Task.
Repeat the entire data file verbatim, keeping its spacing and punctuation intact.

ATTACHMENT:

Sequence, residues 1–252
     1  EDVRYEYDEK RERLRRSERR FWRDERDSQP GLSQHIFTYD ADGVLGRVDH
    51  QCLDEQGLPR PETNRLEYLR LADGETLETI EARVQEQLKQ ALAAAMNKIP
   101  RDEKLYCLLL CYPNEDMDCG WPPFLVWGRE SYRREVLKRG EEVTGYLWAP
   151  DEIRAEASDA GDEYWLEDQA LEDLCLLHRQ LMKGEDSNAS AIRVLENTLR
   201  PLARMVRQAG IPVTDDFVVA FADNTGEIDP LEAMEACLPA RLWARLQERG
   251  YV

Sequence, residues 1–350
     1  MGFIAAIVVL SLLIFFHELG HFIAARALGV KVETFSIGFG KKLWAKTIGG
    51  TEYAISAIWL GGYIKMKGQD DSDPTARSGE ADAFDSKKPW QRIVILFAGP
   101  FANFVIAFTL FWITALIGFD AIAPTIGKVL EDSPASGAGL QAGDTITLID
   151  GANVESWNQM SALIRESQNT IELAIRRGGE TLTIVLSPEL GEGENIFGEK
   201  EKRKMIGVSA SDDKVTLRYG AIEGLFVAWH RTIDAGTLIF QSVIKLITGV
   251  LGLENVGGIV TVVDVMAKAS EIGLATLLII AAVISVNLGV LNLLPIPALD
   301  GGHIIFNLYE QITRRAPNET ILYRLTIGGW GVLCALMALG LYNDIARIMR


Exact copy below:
Sequence, residues 1–252
     1  EDVRYEYDEK RERLRRSERR FWRDERDSQP GLSQHIFTYD ADGVLGRVDH
    51  QCLDEQGLPR PETNRLEYLR LADGETLETI EARVQEQLKQ ALAAAMNKIP
   101  RDEKLYCLLL CYPNEDMDCG WPPFLVWGRE SYRREVLKRG EEVTGYLWAP
   151  DEIRAEASDA GDEYWLEDQA LEDLCLLHRQ LMKGEDSNAS AIRVLENTLR
   201  PLARMVRQAG IPVTDDFVVA FADNTGEIDP LEAMEACLPA RLWARLQERG
   251  YV

Sequence, residues 1–350
     1  MGFIAAIVVL SLLIFFHELG HFIAARALGV KVETFSIGFG KKLWAKTIGG
    51  TEYAISAIWL GGYIKMKGQD DSDPTARSGE ADAFDSKKPW QRIVILFAGP
   101  FANFVIAFTL FWITALIGFD AIAPTIGKVL EDSPASGAGL QAGDTITLID
   151  GANVESWNQM SALIRESQNT IELAIRRGGE TLTIVLSPEL GEGENIFGEK
   201  EKRKMIGVSA SDDKVTLRYG AIEGLFVAWH RTIDAGTLIF QSVIKLITGV
   251  LGLENVGGIV TVVDVMAKAS EIGLATLLII AAVISVNLGV LNLLPIPALD
   301  GGHIIFNLYE QITRRAPNET ILYRLTIGGW GVLCALMALG LYNDIARIMR